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7 Strategies to Optimize Your Landing Page's Conversion Rates


Published: | Updated: | By Kevin Payne

If you put in all the time, effort, and money involved in creating a landing page but are seeing little to no conversions, don’t fear. What you need to do is optimize your landing page to boost your conversion rates.

Luckily, there are some easy, actionable steps you can take right now to make better landing pages. Before we jump into that, however, let’s first take a look at some reasons why your landing page might not be getting you the results you want.

Reasons why your landing page isn’t converting

Perhaps your landing page isn’t converting the way you want because you haven’t been clear about the kind of conversions you want to see.

Internally, make sure the goal for a particular landing page is clear. Do you want sign-ups to a webinar? People to opt-in to your newsletter through a free checklist or whitepaper?

Another reason your landing page might need some work is some issues on overall design, including landing page elements and copy that could be doing a lot more to convert visitors to more leads or leads to customers.

We’ll tackle exactly how to optimize your landing pages with better design and copy elements in the next section. For now, be sure you’ve already optimized for the following:

Having a clear goal for each landing page that you will be turning into your page’s CTA for visitors.

Making sure your website speeds are up to par – several reports have found that if your website takes longer than 3 seconds to load, then chances are these people will be leaving your site before even seeing what you can offer.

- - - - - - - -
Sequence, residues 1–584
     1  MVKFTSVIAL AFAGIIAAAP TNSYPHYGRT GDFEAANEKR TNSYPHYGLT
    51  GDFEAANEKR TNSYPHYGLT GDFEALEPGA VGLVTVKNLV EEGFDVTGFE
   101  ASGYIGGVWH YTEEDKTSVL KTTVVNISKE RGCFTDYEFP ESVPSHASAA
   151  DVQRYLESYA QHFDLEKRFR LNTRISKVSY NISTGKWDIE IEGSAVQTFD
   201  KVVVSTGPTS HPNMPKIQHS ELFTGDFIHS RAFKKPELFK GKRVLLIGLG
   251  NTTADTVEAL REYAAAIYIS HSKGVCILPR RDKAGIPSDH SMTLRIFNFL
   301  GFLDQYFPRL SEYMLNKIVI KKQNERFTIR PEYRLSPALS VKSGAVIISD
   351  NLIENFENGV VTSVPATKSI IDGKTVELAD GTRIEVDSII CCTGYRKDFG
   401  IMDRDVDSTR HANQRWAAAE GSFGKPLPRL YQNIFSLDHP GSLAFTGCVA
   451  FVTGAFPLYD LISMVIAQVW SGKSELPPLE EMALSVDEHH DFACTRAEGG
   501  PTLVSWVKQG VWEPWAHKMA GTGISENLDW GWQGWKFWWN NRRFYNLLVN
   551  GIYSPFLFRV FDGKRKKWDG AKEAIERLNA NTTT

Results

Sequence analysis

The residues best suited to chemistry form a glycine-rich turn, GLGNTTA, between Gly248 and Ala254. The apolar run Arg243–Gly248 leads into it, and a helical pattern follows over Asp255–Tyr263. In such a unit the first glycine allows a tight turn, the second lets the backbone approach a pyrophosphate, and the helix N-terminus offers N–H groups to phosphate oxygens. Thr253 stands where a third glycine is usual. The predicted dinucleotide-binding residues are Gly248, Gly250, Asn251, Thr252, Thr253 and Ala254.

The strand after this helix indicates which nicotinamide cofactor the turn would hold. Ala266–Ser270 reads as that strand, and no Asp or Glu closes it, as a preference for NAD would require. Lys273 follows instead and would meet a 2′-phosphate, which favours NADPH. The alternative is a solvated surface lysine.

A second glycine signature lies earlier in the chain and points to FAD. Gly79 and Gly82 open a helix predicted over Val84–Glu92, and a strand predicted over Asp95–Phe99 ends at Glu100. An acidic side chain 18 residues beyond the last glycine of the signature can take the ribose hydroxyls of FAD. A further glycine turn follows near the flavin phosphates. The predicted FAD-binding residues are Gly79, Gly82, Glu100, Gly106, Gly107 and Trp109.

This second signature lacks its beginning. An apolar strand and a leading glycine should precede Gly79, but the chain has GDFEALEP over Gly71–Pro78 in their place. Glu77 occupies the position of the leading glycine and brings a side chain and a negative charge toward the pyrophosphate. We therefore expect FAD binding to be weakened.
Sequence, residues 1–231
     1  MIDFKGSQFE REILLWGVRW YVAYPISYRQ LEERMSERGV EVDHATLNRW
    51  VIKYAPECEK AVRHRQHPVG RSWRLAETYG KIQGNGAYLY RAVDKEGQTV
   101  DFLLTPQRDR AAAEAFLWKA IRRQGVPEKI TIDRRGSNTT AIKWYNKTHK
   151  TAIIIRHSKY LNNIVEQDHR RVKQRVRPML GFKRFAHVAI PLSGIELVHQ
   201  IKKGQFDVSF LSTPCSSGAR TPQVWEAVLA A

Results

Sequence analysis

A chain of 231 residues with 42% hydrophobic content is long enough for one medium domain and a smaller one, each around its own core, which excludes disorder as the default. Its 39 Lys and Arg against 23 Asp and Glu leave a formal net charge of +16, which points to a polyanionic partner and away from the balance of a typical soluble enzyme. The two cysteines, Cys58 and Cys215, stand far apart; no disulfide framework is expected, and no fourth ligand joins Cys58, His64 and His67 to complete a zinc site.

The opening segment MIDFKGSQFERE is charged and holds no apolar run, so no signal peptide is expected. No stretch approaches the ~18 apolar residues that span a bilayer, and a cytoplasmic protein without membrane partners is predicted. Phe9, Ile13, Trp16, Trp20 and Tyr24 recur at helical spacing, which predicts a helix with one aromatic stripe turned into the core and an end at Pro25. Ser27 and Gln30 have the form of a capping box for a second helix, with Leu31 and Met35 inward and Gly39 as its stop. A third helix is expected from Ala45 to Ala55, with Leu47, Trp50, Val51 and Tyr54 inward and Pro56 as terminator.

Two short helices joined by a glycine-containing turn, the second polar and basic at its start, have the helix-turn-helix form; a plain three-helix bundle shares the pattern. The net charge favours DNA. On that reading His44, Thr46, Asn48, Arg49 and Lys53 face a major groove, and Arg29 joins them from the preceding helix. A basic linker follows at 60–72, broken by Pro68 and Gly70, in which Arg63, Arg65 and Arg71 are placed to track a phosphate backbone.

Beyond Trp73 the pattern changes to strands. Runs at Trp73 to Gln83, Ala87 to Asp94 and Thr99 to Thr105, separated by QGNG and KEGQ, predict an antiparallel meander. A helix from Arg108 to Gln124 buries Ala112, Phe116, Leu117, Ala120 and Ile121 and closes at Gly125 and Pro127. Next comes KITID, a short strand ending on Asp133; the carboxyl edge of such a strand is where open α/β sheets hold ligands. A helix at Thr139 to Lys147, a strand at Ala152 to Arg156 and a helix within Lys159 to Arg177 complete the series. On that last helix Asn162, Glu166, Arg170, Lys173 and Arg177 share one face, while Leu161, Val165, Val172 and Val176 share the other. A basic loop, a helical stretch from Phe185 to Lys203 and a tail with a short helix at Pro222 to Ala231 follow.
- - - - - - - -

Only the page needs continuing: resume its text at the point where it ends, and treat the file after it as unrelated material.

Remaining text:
Once you’ve settled on the things above, you can now move on to fixing your landing pages themselves.

Follow along these 7 tips to optimize your landing page’s conversion rates.

7 optimization strategies to increase landing page conversions

Understand who you’re targeting

It’s needless to say that your website will receive different kinds of visitors. In fact, your offers might even cater to a wider market – say how an e-commerce store can target both men and women shoppers.

Whether or not this is the case for you, it’s important to understand the target viewer of your landing page. A buyer persona can help you do this just fine.

The reason you’ll want to have a buyer persona ready is so you can get into the minds of your ideal customers exactly where they might be in their customer journey. So, say, if you’re looking to turn marketing professionals into leads for your online consulting business, you can see exactly what their frustrations are.

From there, you can brainstorm on different opt-in incentives for them to sign up to your list, creating a high-converting landing page that shows them an offer on how you can help them with some kind of short-term or immediate solution.

This could be a free consultation call for their business, or a whitepaper with valuable insights for people in their industry.

See below for an example of a well-crafted buyer persona by a company who perhaps is offering a project management software for busy entrepreneurs.


Source: Alexa Blog


Capitalize on the above-the-fold part of your landing page